Glossier has responded to a collective of former retail employees who have criticised the beauty brand for performative inclusivity and diversity
Glossier has responded to claims from a collective of former retail employees that describe an “insidious” culture within the brand’s stores of “anti-Blackness, transphobia, ableism, and retaliation.”
In an open letter on August 13, the anonymous collective named Outta The Gloss outlined the poor treatment experienced by retail employees, also known as ‘offline editors’, specifically those who are Black and brown. The letter criticises Glossier for its “optics-based” values of diversity and inclusivity which they claim don’t extend to the staff selling the products. “If this democratisation is only achieved by perniciously silencing Black and Brown editors and without treating marginalised staff equitably – have they democratised beauty at all, or is it more of the same?” the letter asks of Glossier’s community.
The letter goes on to describes how managers and HR failed to support staff who experienced racist incidents from customers and fellow staff members and how the approach of prizing customer satisfaction so completely at the expense of employees’s well being was “submissive and deeply humiliating, particularly for those of us who are BIPOC.”
Other concerns include an “unjustifiable” gap in wages among people in the same positions, no opportunities for growth into corporate roles for longtime retail staff, and negative consequences for employees who voiced concerns. When Glossier expanded the range of its complexion products from five shades to 12, for example, many editors were worried about the new options. “Several editors who voiced concerns about the unflattering undertones for darker colors “earned” negative reviews that referenced those critiques specifically, and low raises if they received one,” the letter says.
The brand’s image of progressivism is hollow, they say. “We were the backbone of Glossier’s offline experience and demand the company’s virtue signaling extend to its hourly employees in a way it never has.”
The collective, who say they attempted to reconcile tensions internally to no avail, demanded imminent and long-term actions including accountability from Glossier’s CEO and retail management to “publicly acknowledge pain they’ve caused,” as well as structural changes like quarterly companywide anti-racism training, an onsite HR liaison that works solely with retail, and pay parity. “Glossier is in a unique position to work with former retail employees who truly want to see it be better,” they say.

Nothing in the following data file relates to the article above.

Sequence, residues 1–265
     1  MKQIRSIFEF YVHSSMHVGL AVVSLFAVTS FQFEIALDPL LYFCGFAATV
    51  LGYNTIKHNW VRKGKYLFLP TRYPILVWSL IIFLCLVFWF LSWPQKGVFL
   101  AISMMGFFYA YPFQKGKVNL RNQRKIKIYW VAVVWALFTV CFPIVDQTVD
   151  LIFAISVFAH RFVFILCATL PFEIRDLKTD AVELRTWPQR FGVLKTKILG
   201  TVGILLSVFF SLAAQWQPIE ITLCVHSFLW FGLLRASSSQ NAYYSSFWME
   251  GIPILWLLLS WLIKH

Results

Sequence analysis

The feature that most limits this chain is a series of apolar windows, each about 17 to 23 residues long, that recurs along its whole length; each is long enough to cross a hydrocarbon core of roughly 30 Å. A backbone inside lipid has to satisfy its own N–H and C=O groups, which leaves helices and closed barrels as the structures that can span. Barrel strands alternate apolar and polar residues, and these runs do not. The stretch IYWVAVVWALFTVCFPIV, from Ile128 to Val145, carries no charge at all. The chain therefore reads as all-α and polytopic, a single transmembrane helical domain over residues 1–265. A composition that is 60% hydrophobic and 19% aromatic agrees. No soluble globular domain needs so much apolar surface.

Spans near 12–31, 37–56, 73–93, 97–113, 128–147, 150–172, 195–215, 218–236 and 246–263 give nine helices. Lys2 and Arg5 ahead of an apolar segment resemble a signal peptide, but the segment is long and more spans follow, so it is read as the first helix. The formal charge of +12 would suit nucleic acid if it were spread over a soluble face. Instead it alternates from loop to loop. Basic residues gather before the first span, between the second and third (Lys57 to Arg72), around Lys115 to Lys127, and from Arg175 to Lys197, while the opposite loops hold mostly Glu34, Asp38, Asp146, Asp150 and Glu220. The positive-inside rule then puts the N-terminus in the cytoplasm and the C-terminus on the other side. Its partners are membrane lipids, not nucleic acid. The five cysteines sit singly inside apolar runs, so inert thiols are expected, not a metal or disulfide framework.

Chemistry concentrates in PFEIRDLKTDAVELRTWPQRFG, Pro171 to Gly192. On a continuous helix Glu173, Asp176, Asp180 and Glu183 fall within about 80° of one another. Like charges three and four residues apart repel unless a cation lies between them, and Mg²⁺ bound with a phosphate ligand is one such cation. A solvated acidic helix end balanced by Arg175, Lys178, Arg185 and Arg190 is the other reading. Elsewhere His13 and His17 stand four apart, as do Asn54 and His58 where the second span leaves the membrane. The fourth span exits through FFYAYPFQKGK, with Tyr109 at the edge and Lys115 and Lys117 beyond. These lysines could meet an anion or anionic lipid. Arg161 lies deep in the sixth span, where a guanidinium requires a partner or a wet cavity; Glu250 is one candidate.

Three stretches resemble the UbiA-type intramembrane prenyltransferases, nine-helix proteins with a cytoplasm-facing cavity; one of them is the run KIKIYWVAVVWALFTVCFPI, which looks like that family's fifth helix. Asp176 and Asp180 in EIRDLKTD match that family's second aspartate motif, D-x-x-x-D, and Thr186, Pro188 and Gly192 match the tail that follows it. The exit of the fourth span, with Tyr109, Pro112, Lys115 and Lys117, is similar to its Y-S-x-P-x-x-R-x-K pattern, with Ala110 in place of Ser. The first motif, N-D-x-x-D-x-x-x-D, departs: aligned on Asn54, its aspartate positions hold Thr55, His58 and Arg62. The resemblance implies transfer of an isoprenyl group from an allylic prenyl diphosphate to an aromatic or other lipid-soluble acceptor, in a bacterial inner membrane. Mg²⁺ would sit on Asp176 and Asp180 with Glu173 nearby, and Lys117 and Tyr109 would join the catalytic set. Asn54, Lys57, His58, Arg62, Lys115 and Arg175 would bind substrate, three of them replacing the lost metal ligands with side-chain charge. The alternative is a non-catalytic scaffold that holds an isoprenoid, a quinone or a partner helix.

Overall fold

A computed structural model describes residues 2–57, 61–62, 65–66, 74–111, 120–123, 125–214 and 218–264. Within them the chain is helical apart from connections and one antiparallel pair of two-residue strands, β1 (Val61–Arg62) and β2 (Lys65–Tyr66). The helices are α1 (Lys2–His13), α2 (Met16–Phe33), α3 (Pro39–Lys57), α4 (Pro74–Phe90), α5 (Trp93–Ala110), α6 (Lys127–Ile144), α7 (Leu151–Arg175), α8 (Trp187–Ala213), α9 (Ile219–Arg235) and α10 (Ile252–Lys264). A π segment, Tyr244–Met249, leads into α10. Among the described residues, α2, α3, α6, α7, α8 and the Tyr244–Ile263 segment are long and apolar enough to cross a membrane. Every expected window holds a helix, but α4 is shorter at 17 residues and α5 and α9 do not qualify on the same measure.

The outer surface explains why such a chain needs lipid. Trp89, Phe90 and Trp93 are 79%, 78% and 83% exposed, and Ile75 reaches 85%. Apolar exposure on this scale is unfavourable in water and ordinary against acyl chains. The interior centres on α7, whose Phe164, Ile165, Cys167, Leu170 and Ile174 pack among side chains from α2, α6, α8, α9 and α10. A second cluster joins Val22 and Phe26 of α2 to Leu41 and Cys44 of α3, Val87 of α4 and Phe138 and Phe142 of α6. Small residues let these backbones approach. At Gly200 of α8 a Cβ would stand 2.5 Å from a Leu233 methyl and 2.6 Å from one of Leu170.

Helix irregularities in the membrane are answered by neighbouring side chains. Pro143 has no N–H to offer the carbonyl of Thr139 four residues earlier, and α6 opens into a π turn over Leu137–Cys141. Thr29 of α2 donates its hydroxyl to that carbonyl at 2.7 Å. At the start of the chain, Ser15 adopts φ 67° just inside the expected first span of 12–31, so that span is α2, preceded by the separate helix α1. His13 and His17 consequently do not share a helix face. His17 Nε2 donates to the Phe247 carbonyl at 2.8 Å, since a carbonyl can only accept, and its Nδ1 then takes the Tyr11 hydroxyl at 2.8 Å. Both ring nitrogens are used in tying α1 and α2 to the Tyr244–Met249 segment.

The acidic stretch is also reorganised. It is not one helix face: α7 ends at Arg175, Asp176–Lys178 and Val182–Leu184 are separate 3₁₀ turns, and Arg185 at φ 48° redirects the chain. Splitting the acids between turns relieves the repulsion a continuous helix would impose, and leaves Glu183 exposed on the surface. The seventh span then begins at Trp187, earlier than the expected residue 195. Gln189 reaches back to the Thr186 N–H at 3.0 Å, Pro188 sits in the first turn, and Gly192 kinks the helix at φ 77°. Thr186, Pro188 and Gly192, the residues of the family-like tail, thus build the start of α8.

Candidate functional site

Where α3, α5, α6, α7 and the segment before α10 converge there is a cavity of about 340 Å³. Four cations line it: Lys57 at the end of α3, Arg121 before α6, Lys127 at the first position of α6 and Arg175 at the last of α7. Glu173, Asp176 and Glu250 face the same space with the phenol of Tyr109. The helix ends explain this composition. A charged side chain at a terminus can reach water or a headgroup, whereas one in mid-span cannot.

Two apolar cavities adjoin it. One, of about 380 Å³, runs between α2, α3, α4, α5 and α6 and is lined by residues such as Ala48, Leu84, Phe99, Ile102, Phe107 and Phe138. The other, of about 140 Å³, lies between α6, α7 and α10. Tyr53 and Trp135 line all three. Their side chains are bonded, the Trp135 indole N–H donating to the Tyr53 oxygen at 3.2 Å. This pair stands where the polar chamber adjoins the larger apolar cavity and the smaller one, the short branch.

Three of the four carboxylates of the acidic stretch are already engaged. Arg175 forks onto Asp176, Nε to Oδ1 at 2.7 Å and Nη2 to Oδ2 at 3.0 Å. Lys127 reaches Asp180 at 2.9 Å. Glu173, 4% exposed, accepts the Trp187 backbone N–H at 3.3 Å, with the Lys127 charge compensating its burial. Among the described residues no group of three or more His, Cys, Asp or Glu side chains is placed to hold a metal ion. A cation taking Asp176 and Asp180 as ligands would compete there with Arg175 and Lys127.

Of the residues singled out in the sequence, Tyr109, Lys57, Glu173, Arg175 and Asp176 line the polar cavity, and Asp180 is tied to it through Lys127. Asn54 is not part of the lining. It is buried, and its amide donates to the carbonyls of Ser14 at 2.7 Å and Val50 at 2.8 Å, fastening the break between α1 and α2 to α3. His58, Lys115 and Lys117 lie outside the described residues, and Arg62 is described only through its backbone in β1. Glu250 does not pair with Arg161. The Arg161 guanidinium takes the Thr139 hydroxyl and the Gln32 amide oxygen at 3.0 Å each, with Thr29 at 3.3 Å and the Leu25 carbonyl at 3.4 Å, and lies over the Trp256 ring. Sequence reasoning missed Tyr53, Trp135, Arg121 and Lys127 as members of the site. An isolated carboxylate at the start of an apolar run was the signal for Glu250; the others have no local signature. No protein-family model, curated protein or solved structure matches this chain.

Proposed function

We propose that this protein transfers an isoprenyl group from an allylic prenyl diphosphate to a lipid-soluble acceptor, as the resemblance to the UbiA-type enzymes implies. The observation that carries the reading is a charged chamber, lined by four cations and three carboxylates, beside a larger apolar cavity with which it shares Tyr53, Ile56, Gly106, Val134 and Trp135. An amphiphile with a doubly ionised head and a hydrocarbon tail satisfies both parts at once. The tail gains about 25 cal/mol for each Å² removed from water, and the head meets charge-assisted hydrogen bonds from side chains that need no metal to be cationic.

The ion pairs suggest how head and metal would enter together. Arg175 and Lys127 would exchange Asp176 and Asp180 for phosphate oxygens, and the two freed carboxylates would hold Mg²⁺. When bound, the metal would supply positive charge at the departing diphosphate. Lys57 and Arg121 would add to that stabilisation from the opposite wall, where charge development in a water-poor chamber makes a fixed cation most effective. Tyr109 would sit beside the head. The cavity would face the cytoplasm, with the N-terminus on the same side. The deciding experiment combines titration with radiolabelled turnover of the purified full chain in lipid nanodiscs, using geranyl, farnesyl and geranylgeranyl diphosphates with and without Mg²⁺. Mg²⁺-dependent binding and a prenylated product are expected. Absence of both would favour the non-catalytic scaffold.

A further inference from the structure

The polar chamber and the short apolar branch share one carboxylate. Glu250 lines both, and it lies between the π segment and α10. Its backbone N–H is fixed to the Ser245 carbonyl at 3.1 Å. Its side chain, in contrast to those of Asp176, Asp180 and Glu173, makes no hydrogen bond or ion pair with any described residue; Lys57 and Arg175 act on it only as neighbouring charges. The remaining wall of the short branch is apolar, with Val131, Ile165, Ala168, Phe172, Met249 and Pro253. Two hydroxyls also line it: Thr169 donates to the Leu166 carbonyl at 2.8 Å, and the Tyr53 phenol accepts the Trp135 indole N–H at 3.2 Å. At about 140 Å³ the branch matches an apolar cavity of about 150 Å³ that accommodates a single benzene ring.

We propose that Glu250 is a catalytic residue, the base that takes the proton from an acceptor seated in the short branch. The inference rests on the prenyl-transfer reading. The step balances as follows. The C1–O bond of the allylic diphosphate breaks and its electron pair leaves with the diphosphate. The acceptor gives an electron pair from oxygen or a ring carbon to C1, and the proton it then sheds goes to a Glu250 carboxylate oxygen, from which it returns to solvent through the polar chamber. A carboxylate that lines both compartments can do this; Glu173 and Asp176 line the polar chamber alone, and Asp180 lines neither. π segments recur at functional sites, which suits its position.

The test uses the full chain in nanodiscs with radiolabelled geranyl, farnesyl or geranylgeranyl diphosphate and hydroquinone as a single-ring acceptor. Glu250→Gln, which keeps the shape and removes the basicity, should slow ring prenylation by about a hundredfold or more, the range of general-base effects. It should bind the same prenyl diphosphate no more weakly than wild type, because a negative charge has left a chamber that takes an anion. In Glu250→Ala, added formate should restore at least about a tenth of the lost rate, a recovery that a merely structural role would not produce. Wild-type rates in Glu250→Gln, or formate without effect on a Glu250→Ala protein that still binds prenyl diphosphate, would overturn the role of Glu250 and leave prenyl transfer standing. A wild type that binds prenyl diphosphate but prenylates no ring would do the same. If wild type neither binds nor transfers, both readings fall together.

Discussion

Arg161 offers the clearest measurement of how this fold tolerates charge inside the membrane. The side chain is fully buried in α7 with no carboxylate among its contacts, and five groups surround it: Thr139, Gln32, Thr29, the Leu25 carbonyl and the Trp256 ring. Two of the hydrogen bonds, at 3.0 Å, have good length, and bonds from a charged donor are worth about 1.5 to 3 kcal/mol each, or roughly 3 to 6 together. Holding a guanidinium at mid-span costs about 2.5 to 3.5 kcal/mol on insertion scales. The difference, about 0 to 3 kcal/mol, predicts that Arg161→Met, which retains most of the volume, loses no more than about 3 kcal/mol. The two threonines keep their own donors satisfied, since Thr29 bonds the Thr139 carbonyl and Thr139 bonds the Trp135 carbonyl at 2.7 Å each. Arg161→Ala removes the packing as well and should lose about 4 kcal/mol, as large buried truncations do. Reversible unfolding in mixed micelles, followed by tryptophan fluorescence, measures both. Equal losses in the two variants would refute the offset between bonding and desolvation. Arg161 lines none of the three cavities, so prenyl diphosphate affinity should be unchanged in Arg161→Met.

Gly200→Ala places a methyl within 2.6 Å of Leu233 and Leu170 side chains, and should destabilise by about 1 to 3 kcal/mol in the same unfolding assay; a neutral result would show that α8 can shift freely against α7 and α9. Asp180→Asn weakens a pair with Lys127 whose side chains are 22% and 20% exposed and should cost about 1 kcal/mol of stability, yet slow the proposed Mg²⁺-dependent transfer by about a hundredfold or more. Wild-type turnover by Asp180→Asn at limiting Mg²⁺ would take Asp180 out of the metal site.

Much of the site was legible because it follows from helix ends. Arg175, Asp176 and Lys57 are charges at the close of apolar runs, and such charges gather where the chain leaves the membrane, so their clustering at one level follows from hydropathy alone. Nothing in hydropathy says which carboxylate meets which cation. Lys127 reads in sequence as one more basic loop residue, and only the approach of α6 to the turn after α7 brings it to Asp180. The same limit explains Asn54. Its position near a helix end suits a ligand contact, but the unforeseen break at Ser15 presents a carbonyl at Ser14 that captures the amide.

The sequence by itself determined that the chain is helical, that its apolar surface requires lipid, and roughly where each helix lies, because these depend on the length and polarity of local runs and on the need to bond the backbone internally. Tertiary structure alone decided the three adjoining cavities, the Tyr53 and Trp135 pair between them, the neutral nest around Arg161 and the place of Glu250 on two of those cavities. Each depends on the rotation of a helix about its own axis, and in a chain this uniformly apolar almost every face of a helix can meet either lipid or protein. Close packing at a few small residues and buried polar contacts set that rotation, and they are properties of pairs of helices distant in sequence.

In response to the letter, founder and CEO Emily Weiss published a blog post on August 14 in which she says many of the experiences shared in the letter echo conversations the brand had in June after several members of the retail team emailed her with their concerns. Weiss says the concerns were quickly investigated and a plan to build a better work environment was put in place based on feedback and recommendations offered through the investigation. Weiss then shared the plan which included redesigning retail management structure and requiring all managers participate in equity training; dedicated HR staff onsite; clear paths for career advancement; and quarterly Town Halls with Glossier leadership to ensure better communication.
“We know there’s more work to be done, and we are continuing to look into the issues raised in our conversations,” Weiss ends the post, “but these actions are our starting point for creating the employee experience you all deserve.”
However, the Outta The Gloss collective found the response inadequate saying they were “frankly insulted by it.” In a statement they wrote that Weiss’s post and the company’s plan were performative, empty, and insufficient, and noted that while the Black grant initiative was shared across social channels, this response and news of retail layoffs were confined to the company blog.
On August 17, Glossier shared a public statement on its Instagram account addressing the June investigation and the new allegations from Outta The Gloss. “This post, to start, is an apology and a public acknowledgement of the pain and discomfort these former colleagues experienced,” the statement writes, acknowledging the brand failed to create an inclusive and safe environment for retail employees. The statement goes on to describe Glossier’s blueprint for its plan of action ranging from open dialogue to company-wide anti-racism training, more robust hiring processes for managers and onsite human resources. “To @outtathegloss and all our former colleagues who've shared their stories: thank you for holding us accountable,” the caption reads.
Shortly following Glossier’s statement, Outta The Gloss posted their own response thanking the company for its apology and acknowledgement but noting that, as of 4pm, retail employees have yet to receive an email from Glossier outlining their action plan. “Their work is not yet done – this is only their first step. Expect a full response from us soon.”